I called my memoir Tree Lines for lots of reasons. Number one, trees have marked important points of my life, from childhood to now. And tree branch and tree ring and tree root patterns echo the larger patterns of the rest of the world. And the tree line – the altitude above which trees cannot grow – symbolizes elevation, a rising above the norm (which I sometimes do). And in my travels, the trees that the local populace considers to be the oldest are inevitably in a place they consider sacred.
So when one day someone in the benevolent universe decided to publish my memoir, I envisioned a cover showing a literal tree line.
But covers are the publisher’s choice and that’s not what my publisher has chosen.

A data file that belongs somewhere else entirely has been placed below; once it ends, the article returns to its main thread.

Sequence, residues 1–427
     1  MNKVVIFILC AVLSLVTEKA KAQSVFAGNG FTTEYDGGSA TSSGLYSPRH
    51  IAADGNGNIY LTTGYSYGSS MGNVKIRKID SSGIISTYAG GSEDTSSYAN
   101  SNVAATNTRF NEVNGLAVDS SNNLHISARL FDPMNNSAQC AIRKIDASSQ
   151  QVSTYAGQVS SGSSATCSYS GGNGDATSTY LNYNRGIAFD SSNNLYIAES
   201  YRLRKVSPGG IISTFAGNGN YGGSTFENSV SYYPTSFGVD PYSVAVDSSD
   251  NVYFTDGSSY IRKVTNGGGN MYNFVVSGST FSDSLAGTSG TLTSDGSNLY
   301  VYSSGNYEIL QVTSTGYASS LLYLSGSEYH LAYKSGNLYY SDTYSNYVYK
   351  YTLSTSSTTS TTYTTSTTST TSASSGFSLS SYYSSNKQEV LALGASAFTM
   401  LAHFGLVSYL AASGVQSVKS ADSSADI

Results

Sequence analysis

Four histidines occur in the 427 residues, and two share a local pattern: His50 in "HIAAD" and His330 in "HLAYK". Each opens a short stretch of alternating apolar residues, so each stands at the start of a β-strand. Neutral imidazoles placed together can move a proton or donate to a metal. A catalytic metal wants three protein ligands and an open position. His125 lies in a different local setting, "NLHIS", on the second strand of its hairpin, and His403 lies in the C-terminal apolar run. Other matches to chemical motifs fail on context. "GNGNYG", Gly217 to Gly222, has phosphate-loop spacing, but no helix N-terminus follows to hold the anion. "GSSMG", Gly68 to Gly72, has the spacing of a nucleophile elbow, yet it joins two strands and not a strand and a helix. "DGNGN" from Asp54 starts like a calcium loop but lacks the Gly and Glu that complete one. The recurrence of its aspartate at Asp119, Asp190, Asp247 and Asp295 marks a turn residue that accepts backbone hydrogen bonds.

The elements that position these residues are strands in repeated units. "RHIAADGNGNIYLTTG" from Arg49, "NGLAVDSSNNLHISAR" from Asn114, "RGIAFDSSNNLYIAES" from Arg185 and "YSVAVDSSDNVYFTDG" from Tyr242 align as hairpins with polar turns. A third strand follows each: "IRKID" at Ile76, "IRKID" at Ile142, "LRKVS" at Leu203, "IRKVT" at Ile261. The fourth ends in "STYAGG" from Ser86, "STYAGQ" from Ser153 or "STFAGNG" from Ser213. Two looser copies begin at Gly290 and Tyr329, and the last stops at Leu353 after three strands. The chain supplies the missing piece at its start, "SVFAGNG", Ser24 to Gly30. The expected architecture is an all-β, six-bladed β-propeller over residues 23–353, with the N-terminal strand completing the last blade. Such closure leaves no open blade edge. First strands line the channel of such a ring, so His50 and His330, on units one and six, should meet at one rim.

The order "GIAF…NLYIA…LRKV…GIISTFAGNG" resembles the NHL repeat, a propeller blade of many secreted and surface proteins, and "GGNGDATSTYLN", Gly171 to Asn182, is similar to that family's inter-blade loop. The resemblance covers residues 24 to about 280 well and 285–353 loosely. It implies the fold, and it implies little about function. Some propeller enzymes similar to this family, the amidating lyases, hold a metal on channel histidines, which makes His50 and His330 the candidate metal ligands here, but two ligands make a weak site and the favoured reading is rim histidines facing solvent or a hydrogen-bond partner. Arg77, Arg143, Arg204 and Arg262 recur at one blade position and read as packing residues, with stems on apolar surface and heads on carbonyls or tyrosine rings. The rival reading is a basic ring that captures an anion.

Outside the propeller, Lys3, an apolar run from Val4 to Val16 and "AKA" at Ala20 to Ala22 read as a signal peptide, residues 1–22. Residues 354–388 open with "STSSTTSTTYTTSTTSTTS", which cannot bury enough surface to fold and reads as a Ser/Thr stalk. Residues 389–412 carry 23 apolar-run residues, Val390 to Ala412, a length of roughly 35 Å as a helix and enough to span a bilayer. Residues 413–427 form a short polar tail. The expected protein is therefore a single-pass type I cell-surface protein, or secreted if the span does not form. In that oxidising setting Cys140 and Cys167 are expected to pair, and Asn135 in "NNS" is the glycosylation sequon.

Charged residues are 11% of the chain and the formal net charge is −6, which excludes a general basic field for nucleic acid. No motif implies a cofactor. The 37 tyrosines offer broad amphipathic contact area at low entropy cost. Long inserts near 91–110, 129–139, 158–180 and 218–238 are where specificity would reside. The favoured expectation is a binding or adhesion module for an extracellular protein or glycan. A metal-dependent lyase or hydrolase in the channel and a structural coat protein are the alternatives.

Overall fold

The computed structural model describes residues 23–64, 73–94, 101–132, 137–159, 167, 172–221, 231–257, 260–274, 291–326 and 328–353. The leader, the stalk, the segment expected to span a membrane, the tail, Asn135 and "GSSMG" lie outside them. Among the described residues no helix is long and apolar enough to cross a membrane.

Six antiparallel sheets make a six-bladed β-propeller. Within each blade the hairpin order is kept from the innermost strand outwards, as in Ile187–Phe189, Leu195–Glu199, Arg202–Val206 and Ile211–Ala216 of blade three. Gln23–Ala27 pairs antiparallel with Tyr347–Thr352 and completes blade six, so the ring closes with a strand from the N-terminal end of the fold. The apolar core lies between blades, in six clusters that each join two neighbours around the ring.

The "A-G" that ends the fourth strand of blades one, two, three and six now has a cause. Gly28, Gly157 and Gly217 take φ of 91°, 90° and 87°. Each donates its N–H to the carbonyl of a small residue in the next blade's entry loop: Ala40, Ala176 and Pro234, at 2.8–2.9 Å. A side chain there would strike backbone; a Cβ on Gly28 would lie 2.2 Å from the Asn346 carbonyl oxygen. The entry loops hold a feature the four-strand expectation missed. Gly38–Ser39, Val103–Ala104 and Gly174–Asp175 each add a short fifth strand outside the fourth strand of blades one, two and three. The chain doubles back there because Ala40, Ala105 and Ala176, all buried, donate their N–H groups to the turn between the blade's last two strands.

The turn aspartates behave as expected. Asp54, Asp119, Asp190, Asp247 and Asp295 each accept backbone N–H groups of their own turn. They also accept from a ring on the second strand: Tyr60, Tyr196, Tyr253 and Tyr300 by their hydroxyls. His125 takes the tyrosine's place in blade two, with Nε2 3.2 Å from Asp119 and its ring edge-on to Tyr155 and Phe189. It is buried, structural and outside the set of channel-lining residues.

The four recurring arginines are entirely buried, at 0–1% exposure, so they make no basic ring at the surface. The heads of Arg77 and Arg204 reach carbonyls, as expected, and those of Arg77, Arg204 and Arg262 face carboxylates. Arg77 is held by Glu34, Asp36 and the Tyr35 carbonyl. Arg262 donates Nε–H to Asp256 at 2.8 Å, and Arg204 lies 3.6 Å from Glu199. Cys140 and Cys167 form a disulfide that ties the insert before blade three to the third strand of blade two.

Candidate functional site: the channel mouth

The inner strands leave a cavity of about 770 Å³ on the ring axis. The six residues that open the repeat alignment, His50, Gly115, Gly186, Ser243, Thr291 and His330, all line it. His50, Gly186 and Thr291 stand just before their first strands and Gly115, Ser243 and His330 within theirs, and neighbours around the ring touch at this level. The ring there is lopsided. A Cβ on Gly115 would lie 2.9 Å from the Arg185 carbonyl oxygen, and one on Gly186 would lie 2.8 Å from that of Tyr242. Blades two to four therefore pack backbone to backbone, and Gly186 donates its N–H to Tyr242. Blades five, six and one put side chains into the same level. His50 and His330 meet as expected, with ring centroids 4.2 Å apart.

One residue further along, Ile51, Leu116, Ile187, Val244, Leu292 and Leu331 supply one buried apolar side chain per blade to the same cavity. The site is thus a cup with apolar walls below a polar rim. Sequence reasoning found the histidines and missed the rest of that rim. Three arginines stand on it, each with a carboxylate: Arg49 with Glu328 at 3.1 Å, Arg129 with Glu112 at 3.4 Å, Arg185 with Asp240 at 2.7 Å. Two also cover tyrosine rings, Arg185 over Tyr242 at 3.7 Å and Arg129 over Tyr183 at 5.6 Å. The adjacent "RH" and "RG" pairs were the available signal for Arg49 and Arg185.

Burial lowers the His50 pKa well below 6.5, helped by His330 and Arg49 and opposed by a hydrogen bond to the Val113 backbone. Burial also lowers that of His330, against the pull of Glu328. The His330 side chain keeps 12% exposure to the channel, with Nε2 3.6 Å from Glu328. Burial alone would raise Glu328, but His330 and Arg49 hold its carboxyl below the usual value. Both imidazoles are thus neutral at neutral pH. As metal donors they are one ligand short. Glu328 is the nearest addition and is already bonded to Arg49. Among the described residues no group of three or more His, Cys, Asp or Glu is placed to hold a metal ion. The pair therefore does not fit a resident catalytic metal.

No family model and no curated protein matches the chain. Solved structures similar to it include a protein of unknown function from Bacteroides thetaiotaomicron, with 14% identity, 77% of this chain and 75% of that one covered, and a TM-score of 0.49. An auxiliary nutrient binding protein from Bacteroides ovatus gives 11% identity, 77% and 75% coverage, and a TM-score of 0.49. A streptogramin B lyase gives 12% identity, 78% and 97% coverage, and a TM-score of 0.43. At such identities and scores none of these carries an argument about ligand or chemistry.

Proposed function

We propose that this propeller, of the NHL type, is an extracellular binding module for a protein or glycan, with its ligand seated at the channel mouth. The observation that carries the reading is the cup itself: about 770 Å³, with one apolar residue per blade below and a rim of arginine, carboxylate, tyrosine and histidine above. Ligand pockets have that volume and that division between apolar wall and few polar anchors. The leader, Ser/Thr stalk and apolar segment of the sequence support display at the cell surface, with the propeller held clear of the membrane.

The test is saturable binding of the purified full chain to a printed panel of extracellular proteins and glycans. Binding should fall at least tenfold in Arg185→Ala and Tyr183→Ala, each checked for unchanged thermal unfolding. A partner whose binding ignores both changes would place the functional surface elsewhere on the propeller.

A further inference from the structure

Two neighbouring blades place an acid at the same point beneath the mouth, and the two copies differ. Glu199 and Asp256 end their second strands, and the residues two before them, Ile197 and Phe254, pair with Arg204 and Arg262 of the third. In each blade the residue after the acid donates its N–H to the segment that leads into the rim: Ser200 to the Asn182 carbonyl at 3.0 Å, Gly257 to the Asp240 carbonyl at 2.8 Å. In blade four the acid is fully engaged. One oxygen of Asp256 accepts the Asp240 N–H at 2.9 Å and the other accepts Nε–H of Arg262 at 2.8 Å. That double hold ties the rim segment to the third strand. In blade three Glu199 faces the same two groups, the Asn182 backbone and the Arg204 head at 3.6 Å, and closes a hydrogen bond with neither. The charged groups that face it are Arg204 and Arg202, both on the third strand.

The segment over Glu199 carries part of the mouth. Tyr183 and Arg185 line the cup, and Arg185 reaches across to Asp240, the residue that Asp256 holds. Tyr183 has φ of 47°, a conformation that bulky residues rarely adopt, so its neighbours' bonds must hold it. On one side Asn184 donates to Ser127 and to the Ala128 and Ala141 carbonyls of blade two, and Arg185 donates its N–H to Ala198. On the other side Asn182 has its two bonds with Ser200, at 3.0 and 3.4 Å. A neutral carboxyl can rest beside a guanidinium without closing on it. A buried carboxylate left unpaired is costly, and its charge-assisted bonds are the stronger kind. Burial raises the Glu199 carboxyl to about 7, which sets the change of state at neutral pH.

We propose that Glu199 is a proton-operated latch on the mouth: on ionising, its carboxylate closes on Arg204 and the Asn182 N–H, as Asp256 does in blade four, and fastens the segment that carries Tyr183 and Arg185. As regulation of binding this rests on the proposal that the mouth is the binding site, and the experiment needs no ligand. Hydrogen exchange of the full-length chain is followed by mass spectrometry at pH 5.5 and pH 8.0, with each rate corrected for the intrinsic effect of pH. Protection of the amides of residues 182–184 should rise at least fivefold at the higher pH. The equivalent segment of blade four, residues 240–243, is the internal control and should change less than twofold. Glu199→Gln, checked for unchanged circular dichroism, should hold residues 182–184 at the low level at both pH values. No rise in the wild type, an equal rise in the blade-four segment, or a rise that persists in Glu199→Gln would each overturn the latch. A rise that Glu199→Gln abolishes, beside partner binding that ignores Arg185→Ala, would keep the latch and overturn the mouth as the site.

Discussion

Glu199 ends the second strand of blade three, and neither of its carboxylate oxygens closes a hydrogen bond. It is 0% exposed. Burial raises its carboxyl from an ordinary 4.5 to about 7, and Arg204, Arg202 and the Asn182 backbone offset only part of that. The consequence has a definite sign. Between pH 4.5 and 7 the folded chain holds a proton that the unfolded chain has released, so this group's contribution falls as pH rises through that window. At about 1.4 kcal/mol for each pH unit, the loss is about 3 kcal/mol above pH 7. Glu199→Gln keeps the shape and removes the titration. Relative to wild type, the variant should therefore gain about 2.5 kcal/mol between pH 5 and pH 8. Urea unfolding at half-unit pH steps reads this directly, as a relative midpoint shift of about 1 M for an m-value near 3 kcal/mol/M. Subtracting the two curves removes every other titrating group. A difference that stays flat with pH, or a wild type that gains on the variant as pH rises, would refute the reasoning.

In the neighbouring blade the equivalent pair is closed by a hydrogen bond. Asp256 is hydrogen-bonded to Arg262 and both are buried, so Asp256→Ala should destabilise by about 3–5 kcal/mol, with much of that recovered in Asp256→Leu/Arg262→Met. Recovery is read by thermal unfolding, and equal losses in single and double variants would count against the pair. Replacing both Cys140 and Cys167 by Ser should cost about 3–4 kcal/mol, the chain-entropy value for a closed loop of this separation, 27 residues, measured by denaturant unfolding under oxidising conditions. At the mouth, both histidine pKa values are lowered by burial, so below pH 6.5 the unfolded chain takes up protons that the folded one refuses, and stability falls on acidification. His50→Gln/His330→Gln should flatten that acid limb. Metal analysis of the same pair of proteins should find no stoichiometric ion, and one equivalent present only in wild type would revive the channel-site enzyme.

Nonetheless, just this past weekend, two friends took me up into Rocky Mountain National Park where Old Fall River Road climbs, almost perpendicular, to the top of Trail Ridge Road. I had been there before. I knew that that challenging, unpaved, steeply ascending road offers the most spectacular views of tree lines and glacial indentations.
We set out toward the mountains ---
Stopping occasionally to admire wildflowers and other wonders.
And tree lines.
Shazaam. And HALLELUJAH.
Tuesday, July 17, 2012
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